A free ser­vice from I’ve not tried this yet as I don’t have a suit­able set to use, but if it works, and I can down­load the resul­tant com­pos­ite image again at decent res­o­lu­tion, I think I’ll be using this a lot.

(Via Boing Boing Gad­gets.)

Hackers crack Apple’s iTunes gift card algorithm

Hack­ers crack Apple’s iTunes gift card algo­rithm:

$200 iTunes Gift Cer­tifi­cates are sell­ing for less than $3 in Chi­na now that a group of local hack­ers has cir­cum­vent­ed Apple’s algo­rithm for cre­at­ing the dig­i­tal vouch­ers and built their own gift cer­tifi­cate gen­er­a­tors.

This was bound to hap­pen soon­er or lat­er. It’ll be inter­est­ing to see how Apple are able to counter this — at the end of the day, any mech­a­nism that’s strict­ly algo­rithm-based is going to be able to be bro­ken.

(Via AppleIn­sid­er.)

Essential Business Server prep and monitoring

I’m a huge fan of Microsoft­’s inte­grat­ed serv­er prod­ucts — Small Busi­ness Serv­er and the new kid on the block, Essen­tial Busi­ness Serv­er. They pro­vide an incred­i­bly robust and reli­able IT core for any organ­i­sa­tion — espe­cial­ly because the in-built mon­i­tor­ing and alter­ing lets you know about poten­tial issues that require your atten­tion. And the inte­grat­ed prod­ucts in EBS for email secu­ri­ty and net­work-edge secu­ri­ty sim­pli­fy your net­work’s con­fig­u­ra­tion, and its cost.

If you are con­sid­er­ing migrat­ing or upgrad­ing to EBS (and I’d con­sid­er it even if you have an exist­ing mul­ti-serv­er infra­struc­ture,) there have been a num­ber of wiz­ards and white papers released recent­ly which may be of inter­est. They are:

Win­dows Essen­tial Busi­ness Serv­er Prepa­ra­tion and Plan­ning Wiz­ards

The Prepa­ra­tion and Plan­ning Wiz­ards help you pre­pare your envi­ron­ment and plan for deploy­ment of Win­dows EBS by scan­ning your net­work envi­ron­ment and iden­ti­fy­ing issues that you need to cor­rect to be able to deploy Win­dows EBS.

Win­dows Essen­tial Busi­ness Serv­er Prepa­ra­tion and Plan­ning Guide
This doc­u­ment explains how to pre­pare and plan for a deploy­ment of Win­dows EBS into your exist­ing net­work­ing envi­ron­ment. This doc­u­ment includes infor­ma­tion on how to install and run the Win­dows Essen­tial Busi­ness Serv­er Prepa­ra­tion Wiz­ard and the Win­dows Essen­tial Busi­ness Serv­er Plan­ning Wiz­ard, and it pro­vides plan­ning guid­ance.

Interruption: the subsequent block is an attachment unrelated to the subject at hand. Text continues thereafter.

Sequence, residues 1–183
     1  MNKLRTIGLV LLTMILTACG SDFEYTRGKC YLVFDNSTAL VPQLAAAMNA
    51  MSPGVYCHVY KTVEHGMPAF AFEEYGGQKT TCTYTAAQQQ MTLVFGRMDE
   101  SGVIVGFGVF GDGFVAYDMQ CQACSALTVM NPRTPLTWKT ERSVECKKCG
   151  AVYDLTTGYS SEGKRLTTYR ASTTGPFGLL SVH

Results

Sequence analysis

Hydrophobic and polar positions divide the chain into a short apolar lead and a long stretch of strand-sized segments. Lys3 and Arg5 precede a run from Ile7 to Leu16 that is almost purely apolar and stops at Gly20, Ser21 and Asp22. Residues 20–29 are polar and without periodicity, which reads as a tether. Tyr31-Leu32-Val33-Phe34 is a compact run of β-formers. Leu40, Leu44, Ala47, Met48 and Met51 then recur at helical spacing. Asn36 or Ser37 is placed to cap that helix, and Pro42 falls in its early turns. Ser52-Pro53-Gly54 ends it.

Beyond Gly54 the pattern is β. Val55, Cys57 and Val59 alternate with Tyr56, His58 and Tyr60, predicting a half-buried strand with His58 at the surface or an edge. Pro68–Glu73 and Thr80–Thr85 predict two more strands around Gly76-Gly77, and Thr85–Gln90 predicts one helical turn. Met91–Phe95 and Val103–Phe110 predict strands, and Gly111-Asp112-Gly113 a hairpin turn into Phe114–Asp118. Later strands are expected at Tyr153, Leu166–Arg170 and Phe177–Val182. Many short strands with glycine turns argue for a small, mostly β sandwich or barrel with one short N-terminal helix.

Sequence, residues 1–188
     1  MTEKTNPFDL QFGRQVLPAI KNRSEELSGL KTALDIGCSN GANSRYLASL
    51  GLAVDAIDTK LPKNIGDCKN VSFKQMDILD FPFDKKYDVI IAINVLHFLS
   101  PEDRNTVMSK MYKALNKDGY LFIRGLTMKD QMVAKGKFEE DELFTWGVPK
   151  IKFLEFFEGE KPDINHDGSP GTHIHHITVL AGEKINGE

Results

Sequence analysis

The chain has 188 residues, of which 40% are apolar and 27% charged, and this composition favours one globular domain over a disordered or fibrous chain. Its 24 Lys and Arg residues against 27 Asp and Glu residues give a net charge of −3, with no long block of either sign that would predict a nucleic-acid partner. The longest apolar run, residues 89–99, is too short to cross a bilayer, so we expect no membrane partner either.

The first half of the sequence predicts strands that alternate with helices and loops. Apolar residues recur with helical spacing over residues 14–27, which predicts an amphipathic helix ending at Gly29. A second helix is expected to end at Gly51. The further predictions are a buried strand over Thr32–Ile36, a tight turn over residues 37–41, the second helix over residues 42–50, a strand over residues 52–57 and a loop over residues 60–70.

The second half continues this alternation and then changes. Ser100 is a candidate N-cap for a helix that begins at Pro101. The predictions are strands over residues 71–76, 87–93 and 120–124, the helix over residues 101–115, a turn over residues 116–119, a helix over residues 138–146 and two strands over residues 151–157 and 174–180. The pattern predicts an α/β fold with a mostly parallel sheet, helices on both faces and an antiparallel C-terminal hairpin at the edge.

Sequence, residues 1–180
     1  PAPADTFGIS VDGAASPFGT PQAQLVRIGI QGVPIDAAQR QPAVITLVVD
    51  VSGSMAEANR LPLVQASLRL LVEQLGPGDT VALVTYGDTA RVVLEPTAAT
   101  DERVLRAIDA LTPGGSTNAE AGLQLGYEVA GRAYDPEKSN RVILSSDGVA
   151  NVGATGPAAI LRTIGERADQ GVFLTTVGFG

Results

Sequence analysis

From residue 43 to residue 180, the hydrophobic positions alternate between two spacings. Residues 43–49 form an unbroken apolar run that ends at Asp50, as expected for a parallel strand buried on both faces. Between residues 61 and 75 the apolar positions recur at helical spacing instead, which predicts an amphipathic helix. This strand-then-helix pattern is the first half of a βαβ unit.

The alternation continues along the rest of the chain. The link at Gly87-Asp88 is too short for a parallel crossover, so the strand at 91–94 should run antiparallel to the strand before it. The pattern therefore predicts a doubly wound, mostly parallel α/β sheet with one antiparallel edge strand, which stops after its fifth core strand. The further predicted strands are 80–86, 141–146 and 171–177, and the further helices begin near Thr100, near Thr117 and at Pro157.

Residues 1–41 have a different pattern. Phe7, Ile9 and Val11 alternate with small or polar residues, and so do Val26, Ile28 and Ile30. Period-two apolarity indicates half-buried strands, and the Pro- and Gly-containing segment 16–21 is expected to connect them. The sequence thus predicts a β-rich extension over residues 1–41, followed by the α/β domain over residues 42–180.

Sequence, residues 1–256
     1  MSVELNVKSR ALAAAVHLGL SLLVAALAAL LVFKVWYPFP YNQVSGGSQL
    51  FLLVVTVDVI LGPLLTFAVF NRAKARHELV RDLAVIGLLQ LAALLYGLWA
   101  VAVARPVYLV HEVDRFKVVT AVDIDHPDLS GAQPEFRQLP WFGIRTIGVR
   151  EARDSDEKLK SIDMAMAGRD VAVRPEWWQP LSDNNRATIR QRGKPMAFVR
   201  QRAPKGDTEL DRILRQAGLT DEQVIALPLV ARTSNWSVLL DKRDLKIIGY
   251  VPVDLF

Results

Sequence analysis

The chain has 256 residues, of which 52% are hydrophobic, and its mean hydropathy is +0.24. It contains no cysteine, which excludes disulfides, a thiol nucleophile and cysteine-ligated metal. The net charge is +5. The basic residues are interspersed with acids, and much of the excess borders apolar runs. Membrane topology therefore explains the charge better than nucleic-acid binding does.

Mon­i­tor­ing Win­dows Essen­tial Busi­ness Serv­er
This doc­u­ment pro­vides guid­ance to help you mon­i­tor your Win­dows Essen­tial Busi­ness Serv­er net­work by using the Win­dows EBS Admin­is­tra­tion Con­sole and by using the mon­i­tor­ing capa­bil­i­ties of Microsoft Sys­tem Cen­ter Essen­tials 2007.

This last one is, to me, the most inter­est­ing and impor­tant. Servers do need mon­i­tor­ing and care, but those are tasks that are eas­i­ly ignored in small busi­ness­es with per­haps no ded­i­cat­ed IT staff. Hav­ing the serv­er do the grunt work for you itself is very use­ful indeed — and the main rea­son I would def­i­nite­ly rec­om­mend that EBS is con­sid­ered care­ful­ly for any core infra­struc­ture refresh or renew­al in a small com­pa­ny.

Free the postcode!

Post­codes are an essen­tial part of loca­tion ser­vices in the UK. How­ev­er, they’re not free – they are owned by the Post Office, who will charge you a hefty sum in order to get access to the data­base.

Ham­per­ing free and inno­v­a­tive loca­tion-based ser­vices? Like­ly. Easy to reverse-engi­neer? You betcha!

The Free the Post­code project intends to build a pub­lic domain data­base of post­codes, in the same way that the Open Street Map project intends to build a free map of all streets in the UK, thus break­ing the Ordi­nance Sur­vey’s hold on that infor­ma­tion.

How­ev­er, if you have an iPhone, Free the Post­code has a free appli­ca­tion that uses the phone’s GPS for loca­tion, com­bined with your sub­mis­sion of the post­code. This link will open it in iTunes. There’s also an app for Android phones.

This is an excel­lent idea and well worth sup­port­ing.

Found on TechCrunch UK